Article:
Dr. Peiman Hematti of the University of Wisconsin-Madison, Associate Professor of Medicine, Pediatrics, Surgery, Biomedical Engineering and Director of the Clinical Hematopoietic Cell Processing Laboratory offers his views on this challenging topic.
"The scientific community used to assume that the claims in a research publication could be taken at face value. Unfortunately, it is now becoming clear to the scientific community, pharmaceutical companies, and funding agencies, including the NIH, that we are facing a crisis in translational science and pre-clinical research. Most of the time, the scientific claims in research papers do not stand the test of time. Indeed, the issue of irreproducibility of scientific data is not new and has been the subject of controversy and debate for decades.
However, the staggering cost of potential new drug development (up to hundreds of millions of dollars), the very high number of late-stage clinical trials that have shown promise in earlier phases but eventually fail, and most importantly, the human costs associated with failure of promising therapies for patients with terminal illnesses have brought more attention to this widespread problem in biomedical research.
This situation is very familiar to patients with ALS and their families. Over the last decade, there have been several large scale and late phase clinical trials based on very promising results in laboratory and preclinical animal research. There are numerous reasons why clinical trials fail. These include the limitations inherent to in vitro studies; the lack of suitable animal models for a disease; the lack of attention paid to details while designing pre-clinical research, which should always include the best animal models available; not using the right control groups in animal studies; lack of attention to pharmacodynamics and pharmacokinetics of drugs; and incomplete presentation of relevant data including negative results. Unfortunately, there is also a culture of 'publish or perish' in academia that pushes investigators to publish their results, many times incomplete and prematurely, at the cost of not paying attention to details.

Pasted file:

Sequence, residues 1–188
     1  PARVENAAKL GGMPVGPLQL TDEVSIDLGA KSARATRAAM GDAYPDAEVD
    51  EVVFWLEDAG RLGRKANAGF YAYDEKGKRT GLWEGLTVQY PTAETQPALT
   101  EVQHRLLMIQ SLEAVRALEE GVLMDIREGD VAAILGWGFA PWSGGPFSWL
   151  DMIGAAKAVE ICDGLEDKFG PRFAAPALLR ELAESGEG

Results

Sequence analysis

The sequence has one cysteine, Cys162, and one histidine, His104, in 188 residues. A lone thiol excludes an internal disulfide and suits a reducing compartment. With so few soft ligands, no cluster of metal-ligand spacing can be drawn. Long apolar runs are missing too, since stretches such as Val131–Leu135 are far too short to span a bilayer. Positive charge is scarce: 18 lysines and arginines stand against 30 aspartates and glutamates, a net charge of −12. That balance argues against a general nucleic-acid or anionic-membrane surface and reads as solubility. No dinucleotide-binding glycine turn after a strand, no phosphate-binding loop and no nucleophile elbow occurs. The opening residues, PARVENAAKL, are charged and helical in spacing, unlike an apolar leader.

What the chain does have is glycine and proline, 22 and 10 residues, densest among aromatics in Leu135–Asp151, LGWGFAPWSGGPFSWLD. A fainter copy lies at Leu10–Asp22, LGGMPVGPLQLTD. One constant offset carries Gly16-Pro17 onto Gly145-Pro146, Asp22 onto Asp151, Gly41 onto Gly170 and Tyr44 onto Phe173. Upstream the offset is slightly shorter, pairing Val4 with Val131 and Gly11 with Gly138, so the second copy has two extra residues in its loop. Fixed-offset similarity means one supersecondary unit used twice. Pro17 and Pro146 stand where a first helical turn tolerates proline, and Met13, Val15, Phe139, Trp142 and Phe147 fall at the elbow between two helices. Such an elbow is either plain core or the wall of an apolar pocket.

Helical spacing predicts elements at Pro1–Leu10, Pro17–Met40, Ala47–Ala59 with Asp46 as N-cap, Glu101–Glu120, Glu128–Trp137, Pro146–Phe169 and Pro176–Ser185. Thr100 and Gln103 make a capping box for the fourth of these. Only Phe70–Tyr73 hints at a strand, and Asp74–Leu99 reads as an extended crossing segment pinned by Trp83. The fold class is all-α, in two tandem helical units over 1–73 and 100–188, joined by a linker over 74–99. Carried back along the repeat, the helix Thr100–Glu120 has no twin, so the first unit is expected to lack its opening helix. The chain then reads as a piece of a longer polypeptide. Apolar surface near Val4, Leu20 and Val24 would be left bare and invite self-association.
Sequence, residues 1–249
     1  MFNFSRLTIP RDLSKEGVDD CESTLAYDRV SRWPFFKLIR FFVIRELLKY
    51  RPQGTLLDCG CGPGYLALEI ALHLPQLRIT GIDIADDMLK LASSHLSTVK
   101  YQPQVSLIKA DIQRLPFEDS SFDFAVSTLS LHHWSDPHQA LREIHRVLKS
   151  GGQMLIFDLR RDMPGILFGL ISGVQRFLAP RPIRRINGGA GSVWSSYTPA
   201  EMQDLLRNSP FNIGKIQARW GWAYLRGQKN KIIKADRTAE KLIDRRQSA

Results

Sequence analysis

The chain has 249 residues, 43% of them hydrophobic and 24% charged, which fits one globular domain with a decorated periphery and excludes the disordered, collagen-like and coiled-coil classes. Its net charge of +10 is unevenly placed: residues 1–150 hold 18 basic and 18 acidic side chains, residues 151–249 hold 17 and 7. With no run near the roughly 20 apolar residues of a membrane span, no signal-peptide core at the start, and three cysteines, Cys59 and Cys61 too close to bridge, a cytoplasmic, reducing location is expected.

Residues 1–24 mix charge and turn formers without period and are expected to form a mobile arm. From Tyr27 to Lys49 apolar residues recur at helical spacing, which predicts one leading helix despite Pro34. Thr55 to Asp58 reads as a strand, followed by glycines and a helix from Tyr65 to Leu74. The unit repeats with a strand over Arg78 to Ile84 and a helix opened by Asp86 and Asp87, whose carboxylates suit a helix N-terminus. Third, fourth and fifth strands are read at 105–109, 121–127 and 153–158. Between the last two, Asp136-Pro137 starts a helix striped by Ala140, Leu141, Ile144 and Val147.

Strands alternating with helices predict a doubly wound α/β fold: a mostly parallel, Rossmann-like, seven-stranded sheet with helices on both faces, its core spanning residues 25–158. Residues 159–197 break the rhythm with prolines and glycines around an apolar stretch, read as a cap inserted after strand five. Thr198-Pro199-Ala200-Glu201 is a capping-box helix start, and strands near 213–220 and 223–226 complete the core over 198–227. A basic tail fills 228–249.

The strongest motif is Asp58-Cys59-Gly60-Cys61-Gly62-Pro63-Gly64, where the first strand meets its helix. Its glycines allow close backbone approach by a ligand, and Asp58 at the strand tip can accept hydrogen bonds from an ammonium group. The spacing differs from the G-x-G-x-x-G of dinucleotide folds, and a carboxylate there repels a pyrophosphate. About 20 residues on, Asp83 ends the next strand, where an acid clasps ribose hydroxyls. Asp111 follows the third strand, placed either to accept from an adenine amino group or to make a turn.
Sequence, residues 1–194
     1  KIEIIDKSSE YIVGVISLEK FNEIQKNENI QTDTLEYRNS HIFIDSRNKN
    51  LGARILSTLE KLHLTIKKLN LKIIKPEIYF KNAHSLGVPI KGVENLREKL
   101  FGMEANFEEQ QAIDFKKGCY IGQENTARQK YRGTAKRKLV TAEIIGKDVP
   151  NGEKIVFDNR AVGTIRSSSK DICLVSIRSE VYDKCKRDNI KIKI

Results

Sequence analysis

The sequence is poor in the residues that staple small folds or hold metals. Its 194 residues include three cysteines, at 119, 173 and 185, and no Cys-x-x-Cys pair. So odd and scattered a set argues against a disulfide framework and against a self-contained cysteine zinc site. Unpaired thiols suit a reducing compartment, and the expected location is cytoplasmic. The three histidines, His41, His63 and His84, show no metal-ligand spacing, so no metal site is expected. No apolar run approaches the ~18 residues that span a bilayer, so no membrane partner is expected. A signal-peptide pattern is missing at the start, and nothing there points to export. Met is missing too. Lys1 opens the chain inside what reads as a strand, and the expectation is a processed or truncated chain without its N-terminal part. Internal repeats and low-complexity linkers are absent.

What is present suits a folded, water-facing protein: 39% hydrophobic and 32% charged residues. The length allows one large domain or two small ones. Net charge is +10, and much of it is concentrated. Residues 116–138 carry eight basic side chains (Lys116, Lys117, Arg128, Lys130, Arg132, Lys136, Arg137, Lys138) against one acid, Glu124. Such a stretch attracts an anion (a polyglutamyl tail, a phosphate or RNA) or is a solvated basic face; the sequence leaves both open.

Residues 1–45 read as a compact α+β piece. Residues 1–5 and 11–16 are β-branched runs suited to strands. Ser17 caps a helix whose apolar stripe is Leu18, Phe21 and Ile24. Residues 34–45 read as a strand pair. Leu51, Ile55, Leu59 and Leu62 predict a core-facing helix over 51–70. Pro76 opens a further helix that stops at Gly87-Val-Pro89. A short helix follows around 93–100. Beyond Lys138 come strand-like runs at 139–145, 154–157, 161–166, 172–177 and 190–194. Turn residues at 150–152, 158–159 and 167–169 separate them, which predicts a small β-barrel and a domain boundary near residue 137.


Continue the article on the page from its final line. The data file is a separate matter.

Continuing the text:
Addressing the systemic issue of lack of reproducibility demands the careful attention of investigators, academic centers, pharmaceutical companies, funding agencies and patient organizations. Research is mostly funded by community taxes (NIH), philanthropy donations or patient advocacy groups, all with the hope that such research can help the life of fellow human beings. It is essential to remember that patients are at the heart of this matter. At a minimum, a patient's enrollment in one clinical trial means that s/he is mostly excluded from participation in other, potentially promising clinical trials. Because of this, scientists must be extremely careful with their work in translational research and pre-clinical studies. Every failed clinical trial, rather than being ignored or forgotten, should be carefully and fairly scrutinized so lessons can be learned to avoid repeating the same mistakes. Researchers should realize that any scientific paper can be both a publication in their academic portfolio and the basis of a clinical trial where patient lives are at stake."
Dr. Hematti's views are beginning to take hold throughout the scientific community. A recent Nature article by Erika Hayden entitled Misleading Mouse Studies Waste Medical Resources begins with the statement, "A running joke among health researchers is that everything has been cured - in mice!" This is a sign of changing times and awareness that animal trial results can waste the valuable time and energy of participating patients and scientific resources. Changes in direction are clearly taking place for the better.